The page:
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Dementia: Family Caregiving Increases Risk for Spouses

Dementia: Family Caregiving Increases Risk for Spouses

Husbands or wives who care for spouses with dementia are six times more likely to develop the memory-impairing condition than those whose spouses don't have it, according to results of a 12-year study.

To get some answers, Johns Hopkins psychiatry professor Peter Rabins and a team led by associate professor Maria Norton, of Utah State University, examined 1,221 married couples ages 65 or older. These individuals were part of the Cache County (Utah) Memory Study, which has identified over 900 persons with dementia in the community since 1995. All of the study participants live in Cache County, whose residents topped the longevity scale in the 1990 United States census.

Starting in 1995, the researchers began screening volunteers for dementia. The volunteers first completed questionnaires to evaluate their cognitive status. Those whose questionnaires suggested possible dementia underwent a comprehensive clinical assessment administered by specially trained nurses and technicians. Finally, a team led by a geriatric psychiatrist and a neuropsychologist evaluated the findings and assigned a diagnosis of dementia where appropriate.

In the sample of 2,442 married persons, the researchers diagnosed 255 individuals with dementia and discovered that individuals whose spouses had already been diagnosed were six times as likely to develop the condition themselves compared to those without an affected spouse.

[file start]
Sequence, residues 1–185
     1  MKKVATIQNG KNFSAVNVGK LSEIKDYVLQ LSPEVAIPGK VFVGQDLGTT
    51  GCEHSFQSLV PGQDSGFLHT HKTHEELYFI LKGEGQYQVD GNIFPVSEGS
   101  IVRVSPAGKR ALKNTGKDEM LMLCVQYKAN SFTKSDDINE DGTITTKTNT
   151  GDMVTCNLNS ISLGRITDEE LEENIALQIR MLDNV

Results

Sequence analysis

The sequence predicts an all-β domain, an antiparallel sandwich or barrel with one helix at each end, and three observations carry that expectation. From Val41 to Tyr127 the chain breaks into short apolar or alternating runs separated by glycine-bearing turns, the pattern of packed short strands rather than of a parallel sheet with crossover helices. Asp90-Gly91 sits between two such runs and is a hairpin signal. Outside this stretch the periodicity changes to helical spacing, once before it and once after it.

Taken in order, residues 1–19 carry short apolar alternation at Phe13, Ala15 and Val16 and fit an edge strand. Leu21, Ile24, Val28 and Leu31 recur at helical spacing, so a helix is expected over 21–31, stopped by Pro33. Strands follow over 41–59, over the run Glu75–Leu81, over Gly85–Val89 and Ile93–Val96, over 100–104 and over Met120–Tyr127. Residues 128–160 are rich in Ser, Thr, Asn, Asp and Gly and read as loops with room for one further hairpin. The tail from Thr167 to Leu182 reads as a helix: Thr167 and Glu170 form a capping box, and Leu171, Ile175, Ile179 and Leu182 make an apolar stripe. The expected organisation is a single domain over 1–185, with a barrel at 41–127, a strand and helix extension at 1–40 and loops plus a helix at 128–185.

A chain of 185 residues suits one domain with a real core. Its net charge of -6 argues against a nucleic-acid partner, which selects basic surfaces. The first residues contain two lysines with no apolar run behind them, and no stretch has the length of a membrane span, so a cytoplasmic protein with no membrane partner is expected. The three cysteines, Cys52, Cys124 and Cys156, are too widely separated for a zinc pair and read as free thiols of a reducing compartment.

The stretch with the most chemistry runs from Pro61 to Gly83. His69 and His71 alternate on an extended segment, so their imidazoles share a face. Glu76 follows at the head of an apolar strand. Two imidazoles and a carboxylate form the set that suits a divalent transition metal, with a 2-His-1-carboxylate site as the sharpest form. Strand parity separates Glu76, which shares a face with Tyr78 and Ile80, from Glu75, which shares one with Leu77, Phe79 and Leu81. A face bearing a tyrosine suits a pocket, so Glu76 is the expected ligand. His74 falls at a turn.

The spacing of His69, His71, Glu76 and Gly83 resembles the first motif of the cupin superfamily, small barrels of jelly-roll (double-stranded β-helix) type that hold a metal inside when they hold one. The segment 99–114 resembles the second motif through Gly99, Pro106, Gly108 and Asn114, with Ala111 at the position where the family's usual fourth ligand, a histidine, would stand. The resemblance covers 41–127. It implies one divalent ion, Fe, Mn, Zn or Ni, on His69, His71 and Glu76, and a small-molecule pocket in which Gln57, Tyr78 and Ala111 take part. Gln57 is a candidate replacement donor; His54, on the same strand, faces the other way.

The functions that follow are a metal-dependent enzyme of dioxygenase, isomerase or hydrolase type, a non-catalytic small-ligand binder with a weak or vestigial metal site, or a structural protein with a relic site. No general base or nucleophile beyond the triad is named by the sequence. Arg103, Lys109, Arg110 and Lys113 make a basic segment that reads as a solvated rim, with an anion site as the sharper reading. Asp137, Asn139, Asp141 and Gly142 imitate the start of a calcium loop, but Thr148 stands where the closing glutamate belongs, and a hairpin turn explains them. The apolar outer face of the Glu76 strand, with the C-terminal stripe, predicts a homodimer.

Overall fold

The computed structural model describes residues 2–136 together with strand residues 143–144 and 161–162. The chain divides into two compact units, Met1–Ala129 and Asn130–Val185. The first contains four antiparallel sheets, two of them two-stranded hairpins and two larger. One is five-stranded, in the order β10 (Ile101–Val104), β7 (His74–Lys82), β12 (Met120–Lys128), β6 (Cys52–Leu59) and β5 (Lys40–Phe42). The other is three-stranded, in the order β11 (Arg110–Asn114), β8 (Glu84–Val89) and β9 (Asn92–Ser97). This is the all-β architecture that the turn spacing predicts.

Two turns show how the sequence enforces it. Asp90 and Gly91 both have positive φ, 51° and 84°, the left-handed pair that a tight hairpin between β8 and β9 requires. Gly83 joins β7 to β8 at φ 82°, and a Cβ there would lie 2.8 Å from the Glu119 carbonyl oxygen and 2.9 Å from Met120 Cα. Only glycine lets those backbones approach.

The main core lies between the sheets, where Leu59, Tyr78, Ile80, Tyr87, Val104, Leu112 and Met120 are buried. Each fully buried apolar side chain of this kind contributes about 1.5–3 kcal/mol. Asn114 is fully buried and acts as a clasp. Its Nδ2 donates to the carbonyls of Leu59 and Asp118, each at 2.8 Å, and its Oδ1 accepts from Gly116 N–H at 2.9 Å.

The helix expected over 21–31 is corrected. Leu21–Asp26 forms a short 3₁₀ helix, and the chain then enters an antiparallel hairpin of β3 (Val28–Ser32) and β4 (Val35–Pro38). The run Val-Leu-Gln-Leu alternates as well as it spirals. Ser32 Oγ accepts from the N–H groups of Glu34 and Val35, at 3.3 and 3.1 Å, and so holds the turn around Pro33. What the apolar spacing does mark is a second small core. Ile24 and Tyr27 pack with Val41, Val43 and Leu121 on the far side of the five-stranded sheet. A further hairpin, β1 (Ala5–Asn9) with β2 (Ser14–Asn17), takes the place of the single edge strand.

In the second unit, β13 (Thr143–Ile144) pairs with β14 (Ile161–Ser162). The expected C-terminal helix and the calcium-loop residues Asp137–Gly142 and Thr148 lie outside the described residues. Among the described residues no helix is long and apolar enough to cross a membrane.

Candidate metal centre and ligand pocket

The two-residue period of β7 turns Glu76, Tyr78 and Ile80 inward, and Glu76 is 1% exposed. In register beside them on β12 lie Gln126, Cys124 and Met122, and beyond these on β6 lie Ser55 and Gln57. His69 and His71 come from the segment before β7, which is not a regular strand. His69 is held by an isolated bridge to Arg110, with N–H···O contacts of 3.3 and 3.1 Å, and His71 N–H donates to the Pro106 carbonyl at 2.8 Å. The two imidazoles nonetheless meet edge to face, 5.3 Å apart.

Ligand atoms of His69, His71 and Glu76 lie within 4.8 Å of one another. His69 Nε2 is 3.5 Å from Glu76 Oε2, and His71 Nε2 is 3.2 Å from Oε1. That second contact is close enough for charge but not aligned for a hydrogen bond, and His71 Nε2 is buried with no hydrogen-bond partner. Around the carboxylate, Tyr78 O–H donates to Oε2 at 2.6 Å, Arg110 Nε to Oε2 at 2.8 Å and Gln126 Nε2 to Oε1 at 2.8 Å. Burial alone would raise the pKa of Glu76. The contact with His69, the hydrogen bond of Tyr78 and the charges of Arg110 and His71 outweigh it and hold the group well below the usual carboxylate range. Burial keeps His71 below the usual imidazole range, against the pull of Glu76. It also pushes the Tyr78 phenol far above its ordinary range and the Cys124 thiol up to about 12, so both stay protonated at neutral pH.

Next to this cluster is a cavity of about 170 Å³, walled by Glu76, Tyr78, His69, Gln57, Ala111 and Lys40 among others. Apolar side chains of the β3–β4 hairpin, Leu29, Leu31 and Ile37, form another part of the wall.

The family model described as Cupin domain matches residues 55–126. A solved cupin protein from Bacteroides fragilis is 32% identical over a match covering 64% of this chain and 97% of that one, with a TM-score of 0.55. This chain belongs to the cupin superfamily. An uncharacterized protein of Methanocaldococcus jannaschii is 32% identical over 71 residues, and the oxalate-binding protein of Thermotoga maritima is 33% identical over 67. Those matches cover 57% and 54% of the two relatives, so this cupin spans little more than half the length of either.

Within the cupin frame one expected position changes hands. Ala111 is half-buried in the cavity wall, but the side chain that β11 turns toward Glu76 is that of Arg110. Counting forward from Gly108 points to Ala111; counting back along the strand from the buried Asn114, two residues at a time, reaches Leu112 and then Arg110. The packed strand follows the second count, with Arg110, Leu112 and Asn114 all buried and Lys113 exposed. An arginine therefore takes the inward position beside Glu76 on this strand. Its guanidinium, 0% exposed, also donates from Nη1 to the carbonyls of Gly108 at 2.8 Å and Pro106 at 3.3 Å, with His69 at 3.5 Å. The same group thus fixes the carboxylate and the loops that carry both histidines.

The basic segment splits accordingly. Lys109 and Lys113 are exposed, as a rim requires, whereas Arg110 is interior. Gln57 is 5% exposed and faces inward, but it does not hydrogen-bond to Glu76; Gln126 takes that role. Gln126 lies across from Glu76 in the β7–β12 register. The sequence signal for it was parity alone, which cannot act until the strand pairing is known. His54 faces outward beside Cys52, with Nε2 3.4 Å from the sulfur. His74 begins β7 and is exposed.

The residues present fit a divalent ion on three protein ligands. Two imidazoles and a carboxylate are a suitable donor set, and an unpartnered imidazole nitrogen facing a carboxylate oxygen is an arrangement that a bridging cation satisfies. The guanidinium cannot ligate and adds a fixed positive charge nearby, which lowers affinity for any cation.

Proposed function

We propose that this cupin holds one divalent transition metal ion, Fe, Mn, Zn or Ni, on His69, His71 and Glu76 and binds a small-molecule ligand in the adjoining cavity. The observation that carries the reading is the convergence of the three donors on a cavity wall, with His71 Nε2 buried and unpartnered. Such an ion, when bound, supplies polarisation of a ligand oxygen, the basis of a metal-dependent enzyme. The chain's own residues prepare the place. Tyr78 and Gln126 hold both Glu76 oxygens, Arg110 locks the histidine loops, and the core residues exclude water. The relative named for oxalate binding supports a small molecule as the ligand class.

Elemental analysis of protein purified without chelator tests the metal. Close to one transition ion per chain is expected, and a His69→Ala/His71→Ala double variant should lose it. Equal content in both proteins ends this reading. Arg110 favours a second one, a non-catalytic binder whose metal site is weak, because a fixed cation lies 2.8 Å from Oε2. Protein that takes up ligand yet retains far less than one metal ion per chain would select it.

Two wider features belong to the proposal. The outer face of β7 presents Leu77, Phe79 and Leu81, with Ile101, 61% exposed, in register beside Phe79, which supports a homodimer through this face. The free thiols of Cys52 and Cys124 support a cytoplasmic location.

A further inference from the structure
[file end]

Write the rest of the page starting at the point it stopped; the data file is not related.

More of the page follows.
Norton says the long-term nature of the new research makes the results different from earlier "snapshot" studies showing memory loss in spousal caregivers. "We know that the declines in memory we saw were real and persistent, not just a point in time where they weren't performing well on tests," she says.

Rabins, Norton, and their colleagues speculate that the stress of caregiving might be responsible for the increased dementia risk for spouses, although more research is need to identify what that mechanism might be. If their hunch is correct, Rabins says, doctors who treat dementia patients should pay more attention to efforts to decrease stress for spousal caregivers.

"Caregiving has positive aspects, as well as negative ones. If we can boost the positive aspects and reduce the negative ones, we may be able to reduce a caregiver's risk of developing dementia," Rabins says.

Researchers have long been interested in how taking care of a spouse with dementia affects caregivers. Most previous studies have focused on the emotional distress caretakers often experience, rather than how their cognitive abilities might be affected.

REHACARE.de; Source: Johns Hopkins Medical Institutions

- More about the Johns Hopkins Medical Institutions at www.hopkinsmedicine.org

 
 

( Source: REHACARE.de )

 
 

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